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Modelling a Crossfire Depression

Platoon enters depression

One of the common Terrain Types in Crossfire are “Depressions”. But my table top is flat so how do I simulate a depression on a flat table?

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Village P – A Crossfire Battle Report

Village P

Grant Floyd flew in from New Zealand to have a wargame, so Chris Harrod and I obliged with a game of my Crossfire at Position Four: The Village P Scenario. I picked this scenario because, after a prompt by Vaggelis, I recently drew the map and updated the victory conditions.

Summary: Great game that poses interesting choices for both sides. And despite being very, very unbalanced in force composition – the Germans are attacking into twice their numbers – the scenario seems balanced.

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Liberators Maps at Different Ground Scales

Map from Ica Scenario

Different rule systems assume different ground scales. So I thought I’d show one scenario map, a Liberators scenario by John Fletcher for the Battle of Ica, at different ground scales. And suggest which Wargaming Rules suit each scale.

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Musing on Breakthrough Objectives for Crossfire Scenarios

Table SU-76i from Short Edge

I have only played the HTD scenario “The Island” once, a fair few years ago with Rich Wilcox. The game revealed a flaw in Breakthrough objectives. The attacker just makes a hole and pours through. More recently Dick Bryant play tested my SU-76i in 1902nd SAP – A Crossfire Scenario, which was based on “The Island”. Dick found the same problem. So it seems time to revisit Breakthrough objectives for Crossfire scenarios.

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Wargaming the Battle of Maipo 5 Apr 1818

Plan of the Battle of Maipo - Cadot

On 5 Apr 1818, in one of the bloodiest battles in the Wars of South American Independence, the Patriots under San Martin decisively defeated the Royalists under Mariano Osorio. Although I posted a draft of this back in January 2012 I completely updated it so have reposted it.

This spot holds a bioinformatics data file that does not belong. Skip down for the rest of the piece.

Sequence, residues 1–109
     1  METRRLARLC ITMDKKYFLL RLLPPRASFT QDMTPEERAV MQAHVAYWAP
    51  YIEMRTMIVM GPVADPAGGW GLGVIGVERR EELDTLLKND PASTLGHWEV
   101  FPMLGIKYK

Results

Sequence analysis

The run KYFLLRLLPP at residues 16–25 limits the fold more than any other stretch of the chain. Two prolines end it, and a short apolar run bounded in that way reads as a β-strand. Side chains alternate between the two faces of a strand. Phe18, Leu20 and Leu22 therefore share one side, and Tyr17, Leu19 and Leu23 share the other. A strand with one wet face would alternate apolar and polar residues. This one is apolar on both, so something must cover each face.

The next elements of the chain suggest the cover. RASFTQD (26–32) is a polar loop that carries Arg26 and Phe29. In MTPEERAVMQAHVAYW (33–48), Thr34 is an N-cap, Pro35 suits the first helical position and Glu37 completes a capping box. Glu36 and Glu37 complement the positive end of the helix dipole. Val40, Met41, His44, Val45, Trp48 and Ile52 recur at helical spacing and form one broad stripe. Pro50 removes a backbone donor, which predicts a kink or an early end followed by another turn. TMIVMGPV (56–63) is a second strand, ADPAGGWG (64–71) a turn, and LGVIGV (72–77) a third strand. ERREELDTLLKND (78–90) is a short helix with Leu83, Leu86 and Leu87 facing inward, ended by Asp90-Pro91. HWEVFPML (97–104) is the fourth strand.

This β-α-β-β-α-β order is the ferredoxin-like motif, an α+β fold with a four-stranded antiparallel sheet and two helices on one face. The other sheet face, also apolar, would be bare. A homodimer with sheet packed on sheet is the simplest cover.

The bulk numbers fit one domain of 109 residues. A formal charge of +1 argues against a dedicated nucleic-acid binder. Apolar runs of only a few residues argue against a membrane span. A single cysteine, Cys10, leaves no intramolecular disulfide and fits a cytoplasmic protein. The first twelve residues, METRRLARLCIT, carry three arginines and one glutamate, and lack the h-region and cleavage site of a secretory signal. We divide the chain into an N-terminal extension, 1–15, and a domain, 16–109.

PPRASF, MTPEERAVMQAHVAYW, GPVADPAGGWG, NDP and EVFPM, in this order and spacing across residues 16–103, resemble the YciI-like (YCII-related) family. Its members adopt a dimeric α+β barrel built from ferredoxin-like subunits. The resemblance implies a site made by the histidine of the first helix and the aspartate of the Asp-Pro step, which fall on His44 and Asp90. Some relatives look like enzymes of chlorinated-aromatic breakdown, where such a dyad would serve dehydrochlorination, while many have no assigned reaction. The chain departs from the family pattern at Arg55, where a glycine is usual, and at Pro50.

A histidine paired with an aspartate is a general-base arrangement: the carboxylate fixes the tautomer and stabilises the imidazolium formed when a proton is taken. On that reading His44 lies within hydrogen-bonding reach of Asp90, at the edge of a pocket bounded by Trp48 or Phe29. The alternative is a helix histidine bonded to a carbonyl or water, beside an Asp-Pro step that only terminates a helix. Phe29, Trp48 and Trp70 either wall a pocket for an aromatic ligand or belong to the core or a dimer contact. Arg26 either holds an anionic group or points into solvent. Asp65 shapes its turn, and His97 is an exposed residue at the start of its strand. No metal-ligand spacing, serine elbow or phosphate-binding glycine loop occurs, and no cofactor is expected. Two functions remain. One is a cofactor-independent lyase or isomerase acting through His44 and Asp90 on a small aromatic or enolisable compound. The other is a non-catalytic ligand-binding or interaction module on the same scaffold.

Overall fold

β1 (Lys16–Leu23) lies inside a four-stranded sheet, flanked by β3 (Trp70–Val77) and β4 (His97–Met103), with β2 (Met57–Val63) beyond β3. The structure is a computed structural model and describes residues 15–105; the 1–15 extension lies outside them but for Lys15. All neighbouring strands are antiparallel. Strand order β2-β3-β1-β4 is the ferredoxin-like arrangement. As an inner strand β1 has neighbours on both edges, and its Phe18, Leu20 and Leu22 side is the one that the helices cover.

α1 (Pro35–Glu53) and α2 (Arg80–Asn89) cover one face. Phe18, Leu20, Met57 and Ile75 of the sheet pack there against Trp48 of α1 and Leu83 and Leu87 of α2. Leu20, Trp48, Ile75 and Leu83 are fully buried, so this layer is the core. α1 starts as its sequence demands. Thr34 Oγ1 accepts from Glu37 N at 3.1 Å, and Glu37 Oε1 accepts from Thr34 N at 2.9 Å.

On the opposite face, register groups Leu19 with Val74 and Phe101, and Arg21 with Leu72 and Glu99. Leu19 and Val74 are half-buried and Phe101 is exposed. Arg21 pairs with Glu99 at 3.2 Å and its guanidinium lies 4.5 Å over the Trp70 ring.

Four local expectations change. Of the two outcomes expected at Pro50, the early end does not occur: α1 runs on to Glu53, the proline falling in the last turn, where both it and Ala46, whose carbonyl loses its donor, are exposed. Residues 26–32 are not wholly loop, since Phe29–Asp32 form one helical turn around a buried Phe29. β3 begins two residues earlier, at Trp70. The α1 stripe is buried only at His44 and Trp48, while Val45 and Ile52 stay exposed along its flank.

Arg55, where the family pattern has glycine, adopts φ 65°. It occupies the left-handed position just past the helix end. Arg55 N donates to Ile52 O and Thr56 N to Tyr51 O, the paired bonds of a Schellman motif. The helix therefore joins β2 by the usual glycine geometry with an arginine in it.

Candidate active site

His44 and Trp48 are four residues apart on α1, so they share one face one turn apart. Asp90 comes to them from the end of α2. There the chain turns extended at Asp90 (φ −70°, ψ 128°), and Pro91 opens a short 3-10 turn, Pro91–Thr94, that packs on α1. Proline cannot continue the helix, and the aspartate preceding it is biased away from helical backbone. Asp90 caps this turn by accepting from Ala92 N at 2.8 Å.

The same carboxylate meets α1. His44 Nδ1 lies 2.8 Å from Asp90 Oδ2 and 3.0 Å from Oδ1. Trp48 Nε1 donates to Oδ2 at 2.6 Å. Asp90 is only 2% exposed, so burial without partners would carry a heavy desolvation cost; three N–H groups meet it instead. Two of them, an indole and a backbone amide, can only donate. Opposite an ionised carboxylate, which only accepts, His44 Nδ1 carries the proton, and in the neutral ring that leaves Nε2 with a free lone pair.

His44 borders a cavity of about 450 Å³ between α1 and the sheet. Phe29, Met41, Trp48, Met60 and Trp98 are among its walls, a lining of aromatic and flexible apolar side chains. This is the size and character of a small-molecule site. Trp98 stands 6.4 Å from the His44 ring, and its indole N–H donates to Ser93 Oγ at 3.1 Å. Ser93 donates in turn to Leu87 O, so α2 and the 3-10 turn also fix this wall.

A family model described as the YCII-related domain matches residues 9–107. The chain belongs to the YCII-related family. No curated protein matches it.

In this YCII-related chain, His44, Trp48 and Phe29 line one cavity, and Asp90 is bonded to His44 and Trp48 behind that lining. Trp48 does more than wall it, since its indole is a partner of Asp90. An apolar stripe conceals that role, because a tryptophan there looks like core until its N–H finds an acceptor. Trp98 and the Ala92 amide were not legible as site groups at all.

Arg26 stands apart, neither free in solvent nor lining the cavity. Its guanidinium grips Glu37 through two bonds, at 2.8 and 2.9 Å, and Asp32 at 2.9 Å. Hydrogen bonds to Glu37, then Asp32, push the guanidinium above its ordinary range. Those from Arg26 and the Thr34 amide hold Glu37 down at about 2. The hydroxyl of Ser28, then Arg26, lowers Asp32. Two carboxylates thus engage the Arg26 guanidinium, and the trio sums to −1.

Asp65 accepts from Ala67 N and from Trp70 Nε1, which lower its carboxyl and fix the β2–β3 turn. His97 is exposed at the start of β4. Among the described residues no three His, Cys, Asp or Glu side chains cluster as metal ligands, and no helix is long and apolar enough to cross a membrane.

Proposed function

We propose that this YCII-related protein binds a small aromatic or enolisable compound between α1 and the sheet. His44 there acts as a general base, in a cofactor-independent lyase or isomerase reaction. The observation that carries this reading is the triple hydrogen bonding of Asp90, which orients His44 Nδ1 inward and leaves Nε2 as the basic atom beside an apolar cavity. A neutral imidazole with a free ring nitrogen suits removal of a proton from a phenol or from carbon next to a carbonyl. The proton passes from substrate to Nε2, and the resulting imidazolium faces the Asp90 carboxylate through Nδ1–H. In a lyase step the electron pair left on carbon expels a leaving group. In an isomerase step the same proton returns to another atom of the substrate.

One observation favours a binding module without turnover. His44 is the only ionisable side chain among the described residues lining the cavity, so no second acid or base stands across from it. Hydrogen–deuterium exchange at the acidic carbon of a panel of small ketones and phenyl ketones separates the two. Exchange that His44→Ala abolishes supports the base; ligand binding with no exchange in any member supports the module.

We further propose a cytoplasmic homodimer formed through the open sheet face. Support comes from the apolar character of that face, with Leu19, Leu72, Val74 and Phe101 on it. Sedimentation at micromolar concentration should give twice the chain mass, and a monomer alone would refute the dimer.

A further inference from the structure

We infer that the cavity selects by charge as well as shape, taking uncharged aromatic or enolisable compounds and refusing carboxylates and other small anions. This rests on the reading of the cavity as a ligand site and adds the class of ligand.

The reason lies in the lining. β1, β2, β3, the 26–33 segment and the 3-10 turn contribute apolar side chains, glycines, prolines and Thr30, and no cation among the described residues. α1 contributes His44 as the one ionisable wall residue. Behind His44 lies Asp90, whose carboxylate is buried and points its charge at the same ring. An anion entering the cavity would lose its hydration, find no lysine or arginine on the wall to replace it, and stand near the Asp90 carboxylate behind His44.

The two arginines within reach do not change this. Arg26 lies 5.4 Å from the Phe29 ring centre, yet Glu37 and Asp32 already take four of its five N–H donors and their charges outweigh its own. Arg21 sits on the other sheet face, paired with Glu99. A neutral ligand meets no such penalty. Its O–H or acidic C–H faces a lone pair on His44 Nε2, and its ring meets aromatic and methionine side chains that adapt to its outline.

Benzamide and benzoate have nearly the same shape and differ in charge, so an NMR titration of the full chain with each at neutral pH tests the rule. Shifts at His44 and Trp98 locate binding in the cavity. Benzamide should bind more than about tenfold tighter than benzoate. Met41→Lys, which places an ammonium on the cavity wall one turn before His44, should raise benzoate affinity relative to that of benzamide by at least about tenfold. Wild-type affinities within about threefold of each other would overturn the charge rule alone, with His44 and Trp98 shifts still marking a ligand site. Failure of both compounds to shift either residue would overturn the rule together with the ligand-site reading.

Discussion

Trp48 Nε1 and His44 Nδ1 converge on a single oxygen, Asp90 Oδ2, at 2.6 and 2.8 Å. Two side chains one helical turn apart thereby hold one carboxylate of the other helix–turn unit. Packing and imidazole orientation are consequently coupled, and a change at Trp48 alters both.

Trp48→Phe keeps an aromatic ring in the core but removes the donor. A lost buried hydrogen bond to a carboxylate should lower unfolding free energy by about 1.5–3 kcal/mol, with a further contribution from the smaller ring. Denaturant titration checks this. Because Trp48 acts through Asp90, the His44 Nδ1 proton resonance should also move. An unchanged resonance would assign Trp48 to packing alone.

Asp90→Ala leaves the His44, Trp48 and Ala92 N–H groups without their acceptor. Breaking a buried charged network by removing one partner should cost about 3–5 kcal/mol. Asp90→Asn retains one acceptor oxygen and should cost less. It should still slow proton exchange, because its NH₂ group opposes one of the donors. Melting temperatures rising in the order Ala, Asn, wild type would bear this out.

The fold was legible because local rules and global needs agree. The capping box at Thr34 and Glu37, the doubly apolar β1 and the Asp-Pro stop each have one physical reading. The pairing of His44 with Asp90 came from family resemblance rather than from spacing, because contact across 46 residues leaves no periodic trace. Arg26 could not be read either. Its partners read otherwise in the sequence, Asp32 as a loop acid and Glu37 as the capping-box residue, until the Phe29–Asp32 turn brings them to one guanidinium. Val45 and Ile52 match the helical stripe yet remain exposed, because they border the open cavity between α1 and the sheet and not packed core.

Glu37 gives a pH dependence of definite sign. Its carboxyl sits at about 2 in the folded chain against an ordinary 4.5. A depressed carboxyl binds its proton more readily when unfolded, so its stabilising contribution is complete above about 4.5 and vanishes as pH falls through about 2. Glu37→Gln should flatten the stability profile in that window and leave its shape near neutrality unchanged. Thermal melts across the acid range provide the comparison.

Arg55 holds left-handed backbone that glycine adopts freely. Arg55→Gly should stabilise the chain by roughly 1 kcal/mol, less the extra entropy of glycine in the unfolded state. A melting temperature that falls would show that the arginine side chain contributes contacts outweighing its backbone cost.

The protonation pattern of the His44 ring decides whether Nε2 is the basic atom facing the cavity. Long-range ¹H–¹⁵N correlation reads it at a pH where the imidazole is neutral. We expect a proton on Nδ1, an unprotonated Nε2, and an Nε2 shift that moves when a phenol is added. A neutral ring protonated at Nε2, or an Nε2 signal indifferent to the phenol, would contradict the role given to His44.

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Want a replacement for Games Workshop Static Grass? Try Noch or Javis

Games Workshop Citadel Grass

I’ve been using Games Workshop static grass for quite some time and it has been a steady drain on my pocket. Now I’m thinking of covering large scenery pieces with my normal flocking technique including static grass. Using GW would cripple me. So I’m on the hunt for a compatible but cheaper option.

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Using the Saitek Competition Pro Game Clock for Crossfire

Saitek Competition Pro Game Clock

It is rather embarrassing but I’ve had my Saitek Competition Pro Game Clock for nearly two years, have tried to use it for a Crossfire game twice and failed both times. Most recently for Operation Crossfire. The trouble is that this is a complicated clock because it is for competitions, we hardly ever use it, and we leave it to the last minute to figure out how to use it. Disaster. This time I thought I’d write a few notes to remind myself for next time.